Bears tight ends Olsen and Clark form arguably the best tandem in the NFL. Packers tight ends Finley and Lee form arguably the best up-and-coming tandem in the league.
"I feel like we can be the best duo in the league," said Lee, who's not prone to be boastful. "Not taking anything from the Bears' guys, but I feel like in this offense, we can do a lot of great things."
The group that produces on Sunday night will play a big role in deciding which team emerges victorious in this marquee Week 1 matchup at Lambeau Field.
Last year in Week 11, when the Packers blasted the Bears 37-3, Lee had more catches (six) than Olsen and Clark combined (five) and the only touchdown among the tight ends. In Week 16, when the Packers dominated statistically but lost 20-17 in overtime, Olsen and Clark combined for nine catches for 96 yards and one touchdown, while Finley had the only catch among the Packers' tight ends. On the winning drive in overtime, Olsen turned a short pass into a 17-yard gain, with a 15-yard penalty tacked on for a horse-collar tackle.
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Olsen, who has supplanted Clark as the starter, caught 54 passes for 574 yards and five touchdowns last season. Combined, they caught 95 balls and scored six touchdowns. All of the Bears' receivers combined caught only 31 more passes.
Without an elite receiver at his disposal, it's a good bet that new quarterback Jay Cutler is going to turn to his tight ends early and often throughout the season.
"It takes some pressure off the guys outside (to have strong tight ends)," Cutler said during a conference call with Packers beat reporters on Wednesday. "We've just got to find some matchups that we can use with those guys and do some different stuff. So, it's definitely going to help the receivers so they don't have to bare the whole load."
Bears coach Lovie Smith is the beneficiary of having Olsen and Clark. As a defensive-minded coach, he knows the stress having two capable receivers at tight end can put on a defense. Clark is a lot like Lee: a do-it-all player who is reliable and productive. The hope is Finley will develop into a clone of Olsen: tall, athletic and able to create matchup problems whether in the traditional tight end spot or flanked out wide as a receiver.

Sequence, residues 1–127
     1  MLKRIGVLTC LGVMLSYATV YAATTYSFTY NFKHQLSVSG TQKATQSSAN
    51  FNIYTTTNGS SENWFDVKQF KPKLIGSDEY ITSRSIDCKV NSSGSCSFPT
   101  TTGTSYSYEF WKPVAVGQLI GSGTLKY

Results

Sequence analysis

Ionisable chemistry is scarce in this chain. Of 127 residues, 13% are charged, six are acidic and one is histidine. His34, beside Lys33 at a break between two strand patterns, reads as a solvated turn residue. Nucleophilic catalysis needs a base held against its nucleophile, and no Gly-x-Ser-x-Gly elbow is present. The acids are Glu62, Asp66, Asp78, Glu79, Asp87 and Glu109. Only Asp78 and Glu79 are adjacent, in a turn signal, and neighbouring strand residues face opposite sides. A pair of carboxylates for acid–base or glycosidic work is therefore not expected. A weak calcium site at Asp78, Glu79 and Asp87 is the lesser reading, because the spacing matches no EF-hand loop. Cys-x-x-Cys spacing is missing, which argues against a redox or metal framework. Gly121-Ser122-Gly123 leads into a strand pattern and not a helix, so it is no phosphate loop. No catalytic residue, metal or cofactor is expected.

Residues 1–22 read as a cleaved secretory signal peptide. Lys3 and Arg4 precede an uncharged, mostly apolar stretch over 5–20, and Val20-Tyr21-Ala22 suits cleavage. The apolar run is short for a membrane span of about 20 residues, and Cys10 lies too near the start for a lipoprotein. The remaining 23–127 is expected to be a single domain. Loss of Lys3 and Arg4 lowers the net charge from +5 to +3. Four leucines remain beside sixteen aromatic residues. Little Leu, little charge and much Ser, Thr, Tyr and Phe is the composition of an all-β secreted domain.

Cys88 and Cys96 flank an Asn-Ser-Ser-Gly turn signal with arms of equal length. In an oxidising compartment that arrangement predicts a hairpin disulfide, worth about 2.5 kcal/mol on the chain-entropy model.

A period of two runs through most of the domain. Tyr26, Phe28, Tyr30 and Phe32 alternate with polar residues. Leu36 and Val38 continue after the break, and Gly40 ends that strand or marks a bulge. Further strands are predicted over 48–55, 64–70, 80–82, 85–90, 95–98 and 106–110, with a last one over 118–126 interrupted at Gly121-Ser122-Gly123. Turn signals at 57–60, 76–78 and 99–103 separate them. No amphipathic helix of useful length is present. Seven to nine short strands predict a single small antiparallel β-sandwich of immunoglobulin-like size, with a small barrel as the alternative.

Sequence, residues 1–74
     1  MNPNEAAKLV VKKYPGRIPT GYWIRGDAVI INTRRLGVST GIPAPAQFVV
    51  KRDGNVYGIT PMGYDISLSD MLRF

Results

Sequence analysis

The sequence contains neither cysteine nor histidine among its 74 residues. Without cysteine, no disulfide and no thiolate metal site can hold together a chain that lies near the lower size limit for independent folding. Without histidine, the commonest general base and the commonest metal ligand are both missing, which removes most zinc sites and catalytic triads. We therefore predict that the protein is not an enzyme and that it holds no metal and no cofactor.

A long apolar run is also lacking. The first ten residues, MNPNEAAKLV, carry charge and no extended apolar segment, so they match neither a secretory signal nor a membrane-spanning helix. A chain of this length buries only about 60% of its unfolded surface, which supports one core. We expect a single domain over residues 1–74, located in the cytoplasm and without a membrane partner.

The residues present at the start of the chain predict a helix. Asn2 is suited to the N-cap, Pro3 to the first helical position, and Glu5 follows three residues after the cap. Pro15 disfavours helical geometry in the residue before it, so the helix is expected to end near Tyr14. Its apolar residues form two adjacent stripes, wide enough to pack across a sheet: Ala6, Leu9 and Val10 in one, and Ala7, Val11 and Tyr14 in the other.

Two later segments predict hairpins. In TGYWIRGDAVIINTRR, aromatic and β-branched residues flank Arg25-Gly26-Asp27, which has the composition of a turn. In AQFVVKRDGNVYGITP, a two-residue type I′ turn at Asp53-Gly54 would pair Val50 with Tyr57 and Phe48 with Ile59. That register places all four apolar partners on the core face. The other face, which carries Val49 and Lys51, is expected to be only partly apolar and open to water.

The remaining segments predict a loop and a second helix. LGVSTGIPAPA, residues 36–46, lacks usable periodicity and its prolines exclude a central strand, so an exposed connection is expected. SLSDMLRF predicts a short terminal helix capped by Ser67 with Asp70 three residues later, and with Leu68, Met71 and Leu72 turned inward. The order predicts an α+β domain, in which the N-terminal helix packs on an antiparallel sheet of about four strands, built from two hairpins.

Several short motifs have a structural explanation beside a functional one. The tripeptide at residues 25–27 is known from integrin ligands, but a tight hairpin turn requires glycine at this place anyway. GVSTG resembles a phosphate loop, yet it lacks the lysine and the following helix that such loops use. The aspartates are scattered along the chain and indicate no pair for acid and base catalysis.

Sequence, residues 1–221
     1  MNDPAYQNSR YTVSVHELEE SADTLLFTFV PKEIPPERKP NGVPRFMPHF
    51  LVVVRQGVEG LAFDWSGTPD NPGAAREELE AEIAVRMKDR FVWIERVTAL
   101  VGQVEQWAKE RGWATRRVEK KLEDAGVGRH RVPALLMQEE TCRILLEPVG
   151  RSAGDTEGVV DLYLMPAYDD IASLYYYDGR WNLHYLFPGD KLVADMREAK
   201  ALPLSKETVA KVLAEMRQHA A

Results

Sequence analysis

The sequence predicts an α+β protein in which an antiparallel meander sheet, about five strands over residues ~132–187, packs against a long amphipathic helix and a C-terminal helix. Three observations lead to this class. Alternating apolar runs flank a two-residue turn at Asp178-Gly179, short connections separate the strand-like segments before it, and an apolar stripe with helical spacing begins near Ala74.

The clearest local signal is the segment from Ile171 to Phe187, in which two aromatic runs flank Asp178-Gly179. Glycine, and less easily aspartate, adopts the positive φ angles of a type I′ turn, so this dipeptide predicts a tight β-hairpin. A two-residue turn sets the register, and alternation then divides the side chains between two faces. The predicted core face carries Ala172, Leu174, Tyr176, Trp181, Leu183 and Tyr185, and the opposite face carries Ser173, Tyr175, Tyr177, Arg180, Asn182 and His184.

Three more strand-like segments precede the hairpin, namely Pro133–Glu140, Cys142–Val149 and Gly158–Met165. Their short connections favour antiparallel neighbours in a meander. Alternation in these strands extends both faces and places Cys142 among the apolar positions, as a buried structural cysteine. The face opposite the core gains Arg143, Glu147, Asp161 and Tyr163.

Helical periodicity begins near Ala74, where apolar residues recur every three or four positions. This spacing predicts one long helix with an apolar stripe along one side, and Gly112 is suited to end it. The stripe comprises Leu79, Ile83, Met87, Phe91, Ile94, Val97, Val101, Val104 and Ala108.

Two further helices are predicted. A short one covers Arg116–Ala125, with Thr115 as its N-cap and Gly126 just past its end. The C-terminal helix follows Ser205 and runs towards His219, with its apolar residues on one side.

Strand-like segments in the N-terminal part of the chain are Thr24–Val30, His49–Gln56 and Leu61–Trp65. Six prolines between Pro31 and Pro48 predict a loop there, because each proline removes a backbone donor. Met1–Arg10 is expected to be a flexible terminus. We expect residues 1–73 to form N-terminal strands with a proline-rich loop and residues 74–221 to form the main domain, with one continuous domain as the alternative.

"A lot is said normally about, when you talk about throwing the ball, what kind of receivers do you have? But, of course, there's a lot more to that," Smith said during his conference call. "Our tight ends are a big thing of what we've done, the success we've had around here. Greg Olsen and Des Clark are good football players that can catch the ball, do a lot of things. Of course, Greg Olsen can line up in a lot of different places. Des is versatile also."
The man charged with finding some answers is Packers defensive coordinator Dom Capers. Gone are the man-to-man concepts in which Olsen and Clark tormented Hawk last season. In is a lot more zone, though a top-notch quarterback like Cutler and a quality receiver like Olsen are more than capable of finding the holes.
"Well, you're always concerned about their trying to seek the right matchups," Capers said on Thursday. "They've got a lot of confidence. Olsen's a very good receiver and he gives them a good matchup on inside people. That's kind of the nature of our game now. It's become a matchup game, where people are going to try to see if they can isolate you, and if they can, then try to exploit you. He gives them a real good inside option in their passing game."
Protecting the middle of the field has been an emphasis this week. Cardinals quarterback Kurt Warner exploited that area during the preseason. The inside linebackers in the base defense will be Nick Barnett, who's coming off a torn ACL, and Hawk, whose strength never has been pass coverage. Nick Collins is a Pro Bowl safety but the other starter, Atari Bigby, is stronger against the run. If either of the linebackers have trouble, Brandon Chillar could get a ton of playing time.